Posted by Michael Finkelstein | May 4th, 2019
Friendship, A Vital Nutrient
Today would have been the 59th birthday of a dear friend of mine, who tragically was killed in a car accident shortly after his 21st birthday. I was driving; and the ensuing grief was compounded by deep remorse that I carry to this day. The circle of friends that surrounded us were never quite the same, individually nor collectively. It’s taken many years to recognize all that was affected, and many years to recover enough to even understand all that was lost.
One element of the fallout for me was a tendency to be weary of attachments, because the wrenching detachment that I experienced was so painful. My friendships continued, but my heart was torn and connections weren’t as tight.
Over the years I have recognized the personal cost as something missing, as if I were deprived of a vital nutrient. In my work I see how others suffer similarly. But I am creeping back and write this letter in tribute to Brad and to the bonds of friendship that I am seeking to restore. (And, of course, with the intention to share this story so that it might help you much the same.)
Most recently, indeed this past week, I was invited by a new friend to share in a journey. The opportunity to replenish the nutrient so vital to my heart was there, and I seized the moment. It was risky on several levels. The first, as I mentioned above, was the complicated potential of new deep attachment; and the other was the timing — my step grandson was just born, my wife and stepdaughter would have liked my presence and support. Again, I was torn; and I hope and pray they will understand and forgive me, but I was compelled to go, to heal.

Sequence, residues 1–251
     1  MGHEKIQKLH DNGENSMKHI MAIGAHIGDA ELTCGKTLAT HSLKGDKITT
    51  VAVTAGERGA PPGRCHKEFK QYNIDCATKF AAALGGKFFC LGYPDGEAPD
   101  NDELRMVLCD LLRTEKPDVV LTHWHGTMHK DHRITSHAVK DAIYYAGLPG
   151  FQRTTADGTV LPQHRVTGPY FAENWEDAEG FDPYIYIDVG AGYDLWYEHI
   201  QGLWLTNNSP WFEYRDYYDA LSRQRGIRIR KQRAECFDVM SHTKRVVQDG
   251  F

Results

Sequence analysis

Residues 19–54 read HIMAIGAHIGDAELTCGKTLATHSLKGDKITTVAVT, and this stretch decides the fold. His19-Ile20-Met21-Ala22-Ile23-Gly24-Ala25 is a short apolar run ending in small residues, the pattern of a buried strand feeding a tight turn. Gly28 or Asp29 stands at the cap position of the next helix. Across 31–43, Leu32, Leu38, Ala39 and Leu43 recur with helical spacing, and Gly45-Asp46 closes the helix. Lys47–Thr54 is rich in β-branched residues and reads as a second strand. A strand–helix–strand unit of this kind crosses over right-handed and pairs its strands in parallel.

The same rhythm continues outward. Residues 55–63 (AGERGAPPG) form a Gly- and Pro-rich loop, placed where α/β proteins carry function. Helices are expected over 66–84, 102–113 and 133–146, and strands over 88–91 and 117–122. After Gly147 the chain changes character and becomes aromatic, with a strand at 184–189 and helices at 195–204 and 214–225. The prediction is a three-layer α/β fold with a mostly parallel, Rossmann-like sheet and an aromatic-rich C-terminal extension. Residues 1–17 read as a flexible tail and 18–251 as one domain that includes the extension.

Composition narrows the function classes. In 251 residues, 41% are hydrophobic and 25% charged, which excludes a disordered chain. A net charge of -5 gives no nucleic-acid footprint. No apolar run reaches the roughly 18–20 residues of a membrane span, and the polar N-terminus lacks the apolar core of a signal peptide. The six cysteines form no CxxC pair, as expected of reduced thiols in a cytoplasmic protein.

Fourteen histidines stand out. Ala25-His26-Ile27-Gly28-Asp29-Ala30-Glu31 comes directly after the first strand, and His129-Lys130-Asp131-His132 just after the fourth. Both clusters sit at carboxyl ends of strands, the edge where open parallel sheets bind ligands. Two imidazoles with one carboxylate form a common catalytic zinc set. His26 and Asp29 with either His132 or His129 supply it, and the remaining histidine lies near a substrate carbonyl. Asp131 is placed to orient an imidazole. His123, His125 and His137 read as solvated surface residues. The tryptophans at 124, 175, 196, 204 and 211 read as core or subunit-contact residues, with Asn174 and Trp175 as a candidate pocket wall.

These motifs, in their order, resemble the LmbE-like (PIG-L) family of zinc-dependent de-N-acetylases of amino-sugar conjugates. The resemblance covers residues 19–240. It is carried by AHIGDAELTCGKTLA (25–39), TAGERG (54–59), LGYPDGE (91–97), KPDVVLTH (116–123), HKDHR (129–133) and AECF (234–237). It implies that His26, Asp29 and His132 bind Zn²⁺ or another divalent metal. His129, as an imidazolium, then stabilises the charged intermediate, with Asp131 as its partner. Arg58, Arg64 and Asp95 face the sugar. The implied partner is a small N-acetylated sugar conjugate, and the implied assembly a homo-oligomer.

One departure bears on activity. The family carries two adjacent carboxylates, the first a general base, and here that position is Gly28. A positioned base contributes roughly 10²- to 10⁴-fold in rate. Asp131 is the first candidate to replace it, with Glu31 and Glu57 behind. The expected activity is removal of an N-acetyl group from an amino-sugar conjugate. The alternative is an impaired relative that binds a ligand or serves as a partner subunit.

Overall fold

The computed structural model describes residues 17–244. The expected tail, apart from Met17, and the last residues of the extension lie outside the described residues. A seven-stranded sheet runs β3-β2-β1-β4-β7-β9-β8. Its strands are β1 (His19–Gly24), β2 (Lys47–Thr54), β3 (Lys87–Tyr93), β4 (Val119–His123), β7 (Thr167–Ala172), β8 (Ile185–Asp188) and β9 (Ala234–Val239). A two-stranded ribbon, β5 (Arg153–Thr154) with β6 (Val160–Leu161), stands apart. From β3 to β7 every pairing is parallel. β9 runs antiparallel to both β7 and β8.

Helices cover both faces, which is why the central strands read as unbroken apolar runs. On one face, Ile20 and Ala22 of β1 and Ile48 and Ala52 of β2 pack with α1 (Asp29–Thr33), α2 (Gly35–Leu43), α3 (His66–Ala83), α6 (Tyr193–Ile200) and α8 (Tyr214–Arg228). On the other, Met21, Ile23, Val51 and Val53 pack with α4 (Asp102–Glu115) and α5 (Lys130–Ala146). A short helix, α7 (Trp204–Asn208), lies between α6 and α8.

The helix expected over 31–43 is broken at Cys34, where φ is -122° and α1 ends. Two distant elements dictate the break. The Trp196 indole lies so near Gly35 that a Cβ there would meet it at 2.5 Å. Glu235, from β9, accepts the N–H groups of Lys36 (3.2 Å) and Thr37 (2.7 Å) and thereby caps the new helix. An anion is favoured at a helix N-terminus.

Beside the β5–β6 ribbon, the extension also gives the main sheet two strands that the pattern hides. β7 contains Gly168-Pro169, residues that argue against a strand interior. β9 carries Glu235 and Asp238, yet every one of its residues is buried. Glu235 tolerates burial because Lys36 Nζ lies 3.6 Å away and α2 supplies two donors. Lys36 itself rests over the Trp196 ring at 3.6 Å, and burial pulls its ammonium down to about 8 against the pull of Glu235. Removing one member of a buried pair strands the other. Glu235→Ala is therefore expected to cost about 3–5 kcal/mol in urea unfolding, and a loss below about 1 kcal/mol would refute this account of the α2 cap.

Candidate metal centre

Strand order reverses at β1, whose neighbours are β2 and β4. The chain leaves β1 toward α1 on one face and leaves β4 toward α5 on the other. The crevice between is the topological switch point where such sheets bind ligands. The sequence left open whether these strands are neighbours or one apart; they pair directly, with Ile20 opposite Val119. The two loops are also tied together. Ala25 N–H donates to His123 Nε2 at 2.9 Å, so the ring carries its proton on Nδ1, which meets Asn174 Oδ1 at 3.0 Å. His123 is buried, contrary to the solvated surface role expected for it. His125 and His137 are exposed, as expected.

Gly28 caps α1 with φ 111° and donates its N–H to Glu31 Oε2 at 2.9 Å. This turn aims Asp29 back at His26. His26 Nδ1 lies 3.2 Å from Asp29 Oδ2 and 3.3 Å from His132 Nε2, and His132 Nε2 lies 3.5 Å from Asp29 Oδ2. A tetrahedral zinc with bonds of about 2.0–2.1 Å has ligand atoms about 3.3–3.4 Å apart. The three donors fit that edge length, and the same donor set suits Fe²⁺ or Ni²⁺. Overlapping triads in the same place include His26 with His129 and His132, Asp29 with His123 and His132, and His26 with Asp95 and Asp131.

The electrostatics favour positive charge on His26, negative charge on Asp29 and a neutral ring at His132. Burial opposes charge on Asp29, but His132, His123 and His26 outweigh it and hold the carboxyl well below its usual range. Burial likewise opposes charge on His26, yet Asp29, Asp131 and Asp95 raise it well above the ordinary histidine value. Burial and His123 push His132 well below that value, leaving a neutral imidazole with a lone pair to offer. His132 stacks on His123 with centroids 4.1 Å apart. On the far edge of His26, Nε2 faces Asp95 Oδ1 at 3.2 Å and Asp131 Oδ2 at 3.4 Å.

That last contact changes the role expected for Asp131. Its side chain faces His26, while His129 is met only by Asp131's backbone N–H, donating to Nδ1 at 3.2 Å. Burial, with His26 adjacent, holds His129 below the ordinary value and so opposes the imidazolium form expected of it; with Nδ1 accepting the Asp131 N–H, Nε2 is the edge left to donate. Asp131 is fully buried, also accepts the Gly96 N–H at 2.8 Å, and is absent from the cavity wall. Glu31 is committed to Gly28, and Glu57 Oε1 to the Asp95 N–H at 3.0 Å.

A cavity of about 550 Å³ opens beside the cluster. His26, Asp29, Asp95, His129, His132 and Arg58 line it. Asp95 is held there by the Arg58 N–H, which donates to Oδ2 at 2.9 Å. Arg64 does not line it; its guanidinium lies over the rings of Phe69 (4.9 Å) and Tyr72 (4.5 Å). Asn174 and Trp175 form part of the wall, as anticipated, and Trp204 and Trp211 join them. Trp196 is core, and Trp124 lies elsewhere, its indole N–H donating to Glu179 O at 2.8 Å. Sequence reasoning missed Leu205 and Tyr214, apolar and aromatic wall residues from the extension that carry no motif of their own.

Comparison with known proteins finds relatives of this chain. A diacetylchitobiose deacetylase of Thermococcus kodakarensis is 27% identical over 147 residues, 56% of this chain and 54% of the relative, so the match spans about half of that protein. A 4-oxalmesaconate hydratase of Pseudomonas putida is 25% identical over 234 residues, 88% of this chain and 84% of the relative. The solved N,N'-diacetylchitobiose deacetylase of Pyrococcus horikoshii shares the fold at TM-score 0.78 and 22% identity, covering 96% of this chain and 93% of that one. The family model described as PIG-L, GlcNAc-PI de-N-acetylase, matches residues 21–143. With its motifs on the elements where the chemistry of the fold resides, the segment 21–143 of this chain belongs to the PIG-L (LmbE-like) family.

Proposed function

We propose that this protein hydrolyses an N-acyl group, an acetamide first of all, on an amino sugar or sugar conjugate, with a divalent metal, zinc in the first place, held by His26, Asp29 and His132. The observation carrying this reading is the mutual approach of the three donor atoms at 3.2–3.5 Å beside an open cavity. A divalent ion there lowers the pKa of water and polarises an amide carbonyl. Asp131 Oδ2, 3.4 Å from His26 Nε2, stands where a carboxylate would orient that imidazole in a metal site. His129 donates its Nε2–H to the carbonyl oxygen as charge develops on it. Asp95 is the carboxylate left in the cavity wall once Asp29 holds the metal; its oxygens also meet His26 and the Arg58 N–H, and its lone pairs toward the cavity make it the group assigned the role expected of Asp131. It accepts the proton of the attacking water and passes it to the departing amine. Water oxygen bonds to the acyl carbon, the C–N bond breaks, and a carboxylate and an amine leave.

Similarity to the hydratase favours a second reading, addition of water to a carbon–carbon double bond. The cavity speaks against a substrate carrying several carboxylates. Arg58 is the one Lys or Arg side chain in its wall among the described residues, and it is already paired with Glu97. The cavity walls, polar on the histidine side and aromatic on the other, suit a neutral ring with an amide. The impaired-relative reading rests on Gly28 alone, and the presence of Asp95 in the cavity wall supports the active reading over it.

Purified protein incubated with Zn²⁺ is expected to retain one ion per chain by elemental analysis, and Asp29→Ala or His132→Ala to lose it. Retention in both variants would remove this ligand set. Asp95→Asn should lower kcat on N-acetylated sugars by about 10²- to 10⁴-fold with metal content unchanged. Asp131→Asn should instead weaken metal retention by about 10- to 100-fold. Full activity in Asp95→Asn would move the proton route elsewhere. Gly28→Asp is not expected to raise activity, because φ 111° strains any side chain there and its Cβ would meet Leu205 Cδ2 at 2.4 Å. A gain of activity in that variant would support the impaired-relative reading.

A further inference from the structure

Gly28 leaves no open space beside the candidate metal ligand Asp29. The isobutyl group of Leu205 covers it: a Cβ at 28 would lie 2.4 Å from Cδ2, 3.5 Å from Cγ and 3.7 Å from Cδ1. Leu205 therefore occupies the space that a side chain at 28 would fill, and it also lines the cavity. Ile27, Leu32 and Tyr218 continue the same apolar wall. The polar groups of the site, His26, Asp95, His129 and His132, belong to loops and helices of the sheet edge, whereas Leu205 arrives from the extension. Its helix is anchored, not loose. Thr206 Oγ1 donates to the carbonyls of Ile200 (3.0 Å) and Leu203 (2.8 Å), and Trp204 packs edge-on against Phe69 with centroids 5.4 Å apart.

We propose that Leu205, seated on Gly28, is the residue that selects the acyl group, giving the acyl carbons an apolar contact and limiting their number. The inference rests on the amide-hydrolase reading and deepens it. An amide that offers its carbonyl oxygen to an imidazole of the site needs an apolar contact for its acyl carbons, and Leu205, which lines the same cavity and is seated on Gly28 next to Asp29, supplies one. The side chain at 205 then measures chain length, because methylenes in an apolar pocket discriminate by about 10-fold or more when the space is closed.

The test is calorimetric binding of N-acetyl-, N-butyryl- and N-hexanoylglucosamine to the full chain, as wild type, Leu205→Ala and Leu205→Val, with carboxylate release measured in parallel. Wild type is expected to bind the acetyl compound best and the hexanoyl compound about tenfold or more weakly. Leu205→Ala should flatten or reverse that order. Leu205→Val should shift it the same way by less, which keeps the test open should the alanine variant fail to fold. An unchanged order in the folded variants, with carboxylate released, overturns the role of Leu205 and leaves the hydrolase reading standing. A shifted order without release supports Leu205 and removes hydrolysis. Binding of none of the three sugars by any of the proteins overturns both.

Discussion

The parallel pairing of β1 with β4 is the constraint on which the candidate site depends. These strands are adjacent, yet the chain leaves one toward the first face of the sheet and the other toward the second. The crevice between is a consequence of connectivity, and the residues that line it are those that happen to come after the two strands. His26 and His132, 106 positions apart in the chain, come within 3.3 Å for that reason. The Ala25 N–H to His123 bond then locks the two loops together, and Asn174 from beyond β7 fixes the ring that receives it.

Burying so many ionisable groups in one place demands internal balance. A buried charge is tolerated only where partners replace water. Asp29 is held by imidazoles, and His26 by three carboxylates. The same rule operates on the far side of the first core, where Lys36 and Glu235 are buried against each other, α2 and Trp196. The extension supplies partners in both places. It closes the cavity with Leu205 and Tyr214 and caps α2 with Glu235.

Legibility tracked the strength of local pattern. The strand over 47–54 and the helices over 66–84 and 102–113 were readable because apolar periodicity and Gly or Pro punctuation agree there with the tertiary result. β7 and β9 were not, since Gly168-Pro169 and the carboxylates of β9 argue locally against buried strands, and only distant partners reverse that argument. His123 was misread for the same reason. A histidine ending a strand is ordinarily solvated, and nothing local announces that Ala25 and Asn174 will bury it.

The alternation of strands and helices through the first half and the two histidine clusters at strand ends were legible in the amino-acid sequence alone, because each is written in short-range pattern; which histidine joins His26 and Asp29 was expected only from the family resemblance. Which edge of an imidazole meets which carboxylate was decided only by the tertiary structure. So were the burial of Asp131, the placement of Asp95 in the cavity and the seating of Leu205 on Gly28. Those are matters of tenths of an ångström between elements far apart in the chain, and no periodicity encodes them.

The experience turned out to be restorative. I had joined a group of 3 “great friends,” the closest and deepest, most sincere and sensitive men that I have had the chance to be around in my “mature adult” years. A special bond existed among them, and they welcomed me fully. It felt really good, and it touched a spot in my heart that had felt deprived and neglected for quite a while; reinvigorating a spirit and purpose to recover other aspects of what was lost on that gray May day in 1981.
Indeed, friendship is not a luxury. It is essential to our well-being on many levels; especially essential to our families that we have others to support us — who don’t have the needs and expectations of day to day provision — even when it pulls us away from them periodically. It is not fair to call such a trip a vacation, because it is anything but an escape from reality, responsibility or obligation, however. It is the oxygen mask that we all need for restoration of parts of ourselves that are often lost, not only when a tragedy strikes, but when we more commonly drift away from our clear sense of who we are and how “acceptable” we are just being ourselves. We need this reminder regularly, or we risk suffering from a sense of inadequacy, that eats away at the vitality required to be a provider. Our friends are our greatest supporters, because they don’t require anything from us other than who we are.
Cheers to them all!